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Belarus ready to build second nuclear station

MINSK, 3 April (BelTA) – Belarus is ready to build a second nuclear power plant, said President of Belarus Alexander Lukashenko as he met with Director General of the International Atomic Energy Agency Yukiya Amano on 3 April.

“If you provide assistance, support and relevant conditions, we are ready to build a second nuclear power plant in Belarus,” said the head of state.

Alexander Lukashenko is convinced that nuclear power engineering is the safest way to get cheap electricity. “I strongly believe that atomic power is a must and that it is the safest way to acquire cheap energy that the world will need in larger and larger amounts,” he said.

Alexander Lukashenko stressed that the world was going through a special time in the aftermath of the events in Japan and problems with the nuclear power plant Fukushima, the public response to the catastrophe and the intention of Germany and other countries to shut down nuclear projects. “In this special period we resolutely state that we intend to build a nuclear power plant and we have already started the construction,” said the Belarusian head of state.

The President remarked: “I believe that the IAEA is an organization extremely interested in seeing such projects safely implemented across the globe. Therefore, we strongly hope that just like previous heads of the agency Mr Amano will provide serious moral support for our construction of the nuclear power plant”.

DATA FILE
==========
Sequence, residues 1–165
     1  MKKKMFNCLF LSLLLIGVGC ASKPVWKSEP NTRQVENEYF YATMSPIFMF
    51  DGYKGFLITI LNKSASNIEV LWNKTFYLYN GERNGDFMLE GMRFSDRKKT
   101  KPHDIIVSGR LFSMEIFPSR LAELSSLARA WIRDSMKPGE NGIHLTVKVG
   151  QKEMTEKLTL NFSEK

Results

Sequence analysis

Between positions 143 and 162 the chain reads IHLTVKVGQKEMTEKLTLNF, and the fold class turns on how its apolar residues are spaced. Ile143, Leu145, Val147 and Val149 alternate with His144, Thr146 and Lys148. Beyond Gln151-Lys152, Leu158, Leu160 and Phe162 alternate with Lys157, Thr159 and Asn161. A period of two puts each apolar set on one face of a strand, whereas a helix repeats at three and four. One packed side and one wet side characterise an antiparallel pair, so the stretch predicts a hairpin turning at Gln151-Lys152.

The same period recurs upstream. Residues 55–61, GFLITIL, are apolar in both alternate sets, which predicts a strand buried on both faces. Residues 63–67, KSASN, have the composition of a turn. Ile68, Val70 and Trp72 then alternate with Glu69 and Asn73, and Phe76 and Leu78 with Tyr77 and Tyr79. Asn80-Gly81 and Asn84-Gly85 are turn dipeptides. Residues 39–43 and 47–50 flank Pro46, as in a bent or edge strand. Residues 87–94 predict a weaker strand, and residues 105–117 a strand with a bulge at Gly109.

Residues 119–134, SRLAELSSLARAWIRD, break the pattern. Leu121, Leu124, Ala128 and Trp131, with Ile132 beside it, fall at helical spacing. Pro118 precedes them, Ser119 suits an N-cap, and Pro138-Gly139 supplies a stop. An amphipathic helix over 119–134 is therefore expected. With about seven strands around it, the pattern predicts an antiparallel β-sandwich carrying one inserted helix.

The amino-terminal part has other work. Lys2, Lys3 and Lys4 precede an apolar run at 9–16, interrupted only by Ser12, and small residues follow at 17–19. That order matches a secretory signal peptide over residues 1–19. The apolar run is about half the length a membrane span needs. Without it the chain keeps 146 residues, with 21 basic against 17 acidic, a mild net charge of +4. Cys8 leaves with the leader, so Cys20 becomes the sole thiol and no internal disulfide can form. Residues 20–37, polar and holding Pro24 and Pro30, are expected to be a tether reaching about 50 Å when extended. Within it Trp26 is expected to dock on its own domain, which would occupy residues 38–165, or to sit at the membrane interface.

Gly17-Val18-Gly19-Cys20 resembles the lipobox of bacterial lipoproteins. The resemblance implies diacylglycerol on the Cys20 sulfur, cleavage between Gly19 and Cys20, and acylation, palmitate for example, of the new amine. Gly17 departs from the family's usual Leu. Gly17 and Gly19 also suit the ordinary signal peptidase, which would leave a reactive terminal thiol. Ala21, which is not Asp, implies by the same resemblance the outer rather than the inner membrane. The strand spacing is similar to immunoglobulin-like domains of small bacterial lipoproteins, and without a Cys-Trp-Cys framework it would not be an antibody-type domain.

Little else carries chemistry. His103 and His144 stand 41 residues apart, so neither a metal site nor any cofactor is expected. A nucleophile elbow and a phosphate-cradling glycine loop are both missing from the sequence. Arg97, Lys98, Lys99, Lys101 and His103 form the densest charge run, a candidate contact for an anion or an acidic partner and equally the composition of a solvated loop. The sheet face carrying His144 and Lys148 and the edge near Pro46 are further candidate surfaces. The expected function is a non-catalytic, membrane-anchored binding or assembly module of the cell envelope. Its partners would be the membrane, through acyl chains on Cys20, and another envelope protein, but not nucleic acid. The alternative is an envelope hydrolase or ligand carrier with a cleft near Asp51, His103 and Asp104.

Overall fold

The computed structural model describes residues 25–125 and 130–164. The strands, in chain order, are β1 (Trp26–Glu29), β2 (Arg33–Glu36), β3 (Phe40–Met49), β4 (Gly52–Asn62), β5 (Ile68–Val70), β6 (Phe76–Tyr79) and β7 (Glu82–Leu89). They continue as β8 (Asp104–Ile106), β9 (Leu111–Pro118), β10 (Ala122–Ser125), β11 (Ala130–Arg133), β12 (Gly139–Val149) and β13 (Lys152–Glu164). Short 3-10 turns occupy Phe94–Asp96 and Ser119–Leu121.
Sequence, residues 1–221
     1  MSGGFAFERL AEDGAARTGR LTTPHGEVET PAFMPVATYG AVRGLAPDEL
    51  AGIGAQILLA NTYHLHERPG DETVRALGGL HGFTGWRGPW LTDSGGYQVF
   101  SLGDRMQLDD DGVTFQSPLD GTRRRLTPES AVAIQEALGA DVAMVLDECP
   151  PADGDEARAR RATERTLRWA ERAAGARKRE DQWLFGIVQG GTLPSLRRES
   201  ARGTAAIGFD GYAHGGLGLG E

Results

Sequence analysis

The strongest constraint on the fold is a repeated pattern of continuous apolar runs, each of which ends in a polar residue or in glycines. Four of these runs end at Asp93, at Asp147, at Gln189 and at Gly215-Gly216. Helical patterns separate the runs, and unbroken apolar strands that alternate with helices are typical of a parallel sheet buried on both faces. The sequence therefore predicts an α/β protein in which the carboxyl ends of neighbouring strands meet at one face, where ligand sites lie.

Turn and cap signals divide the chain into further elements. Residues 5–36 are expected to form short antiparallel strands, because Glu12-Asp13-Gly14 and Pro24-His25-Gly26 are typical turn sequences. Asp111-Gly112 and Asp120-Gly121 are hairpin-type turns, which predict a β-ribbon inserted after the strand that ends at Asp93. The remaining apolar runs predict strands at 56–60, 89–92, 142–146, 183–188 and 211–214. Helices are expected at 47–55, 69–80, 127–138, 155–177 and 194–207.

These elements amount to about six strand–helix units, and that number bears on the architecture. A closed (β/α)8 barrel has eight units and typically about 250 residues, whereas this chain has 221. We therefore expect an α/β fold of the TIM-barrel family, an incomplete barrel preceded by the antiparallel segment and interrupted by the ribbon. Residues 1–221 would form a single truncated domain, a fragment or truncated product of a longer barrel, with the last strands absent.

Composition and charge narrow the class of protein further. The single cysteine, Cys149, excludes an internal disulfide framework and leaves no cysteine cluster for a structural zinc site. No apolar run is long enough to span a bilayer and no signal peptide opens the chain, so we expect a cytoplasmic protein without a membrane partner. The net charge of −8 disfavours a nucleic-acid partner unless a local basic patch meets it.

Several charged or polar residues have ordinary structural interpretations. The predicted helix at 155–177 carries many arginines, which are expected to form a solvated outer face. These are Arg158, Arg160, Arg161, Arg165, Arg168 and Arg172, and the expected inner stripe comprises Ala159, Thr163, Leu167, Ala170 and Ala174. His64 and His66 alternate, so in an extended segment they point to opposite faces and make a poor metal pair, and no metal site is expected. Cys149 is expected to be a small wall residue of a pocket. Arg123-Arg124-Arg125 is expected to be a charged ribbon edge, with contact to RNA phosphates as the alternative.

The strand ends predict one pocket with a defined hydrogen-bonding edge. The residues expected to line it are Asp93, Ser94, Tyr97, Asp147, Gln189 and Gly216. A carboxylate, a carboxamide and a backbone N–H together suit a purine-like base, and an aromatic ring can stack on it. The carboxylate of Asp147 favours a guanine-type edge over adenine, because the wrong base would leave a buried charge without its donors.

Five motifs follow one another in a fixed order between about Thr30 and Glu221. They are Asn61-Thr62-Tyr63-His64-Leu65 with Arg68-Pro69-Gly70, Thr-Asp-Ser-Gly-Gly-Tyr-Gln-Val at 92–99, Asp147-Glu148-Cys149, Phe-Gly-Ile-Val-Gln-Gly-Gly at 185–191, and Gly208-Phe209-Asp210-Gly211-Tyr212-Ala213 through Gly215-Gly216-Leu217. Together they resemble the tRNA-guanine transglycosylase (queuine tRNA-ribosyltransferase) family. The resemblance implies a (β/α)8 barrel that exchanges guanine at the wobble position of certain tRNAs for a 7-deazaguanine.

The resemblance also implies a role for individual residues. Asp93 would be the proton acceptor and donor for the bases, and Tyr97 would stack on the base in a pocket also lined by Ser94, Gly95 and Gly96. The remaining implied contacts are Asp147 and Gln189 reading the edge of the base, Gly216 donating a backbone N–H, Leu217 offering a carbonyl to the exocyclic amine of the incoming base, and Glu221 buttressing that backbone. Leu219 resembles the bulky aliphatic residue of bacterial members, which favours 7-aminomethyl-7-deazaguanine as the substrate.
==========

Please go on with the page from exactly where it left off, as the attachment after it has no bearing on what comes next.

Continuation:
Alexander Lukashenko pointed out that Belarus had been hugely affected by the Chernobyl catastrophe yet it is building a nuclear station of its own. “And it is remarkable that the population supports the project, we have managed to achieve that,” said the head of state.

Alexander Lukashenko told Yukiya Amano he hopes that after getting familiar with Belarus first hand the IAEA head would arrive at conclusions regarding the manner of working with Belarus.

In turn, Yukiya Amano said that Belarus is a very important partner for the International Atomic Energy Agency because the country has its own sad experience after the Chernobyl disaster. He remarked that the Fukushima emergency had drastically undermined people’s trust in nuclear power engineering. Some countries like Germany, for instance, have decided to refrain from using atomic energy in the future but some countries have decided to give it a go. The IAEA Director General believes every country needs to develop power engineering, to improve living standards and therefore the decision on whether nuclear energy should be used is an important one.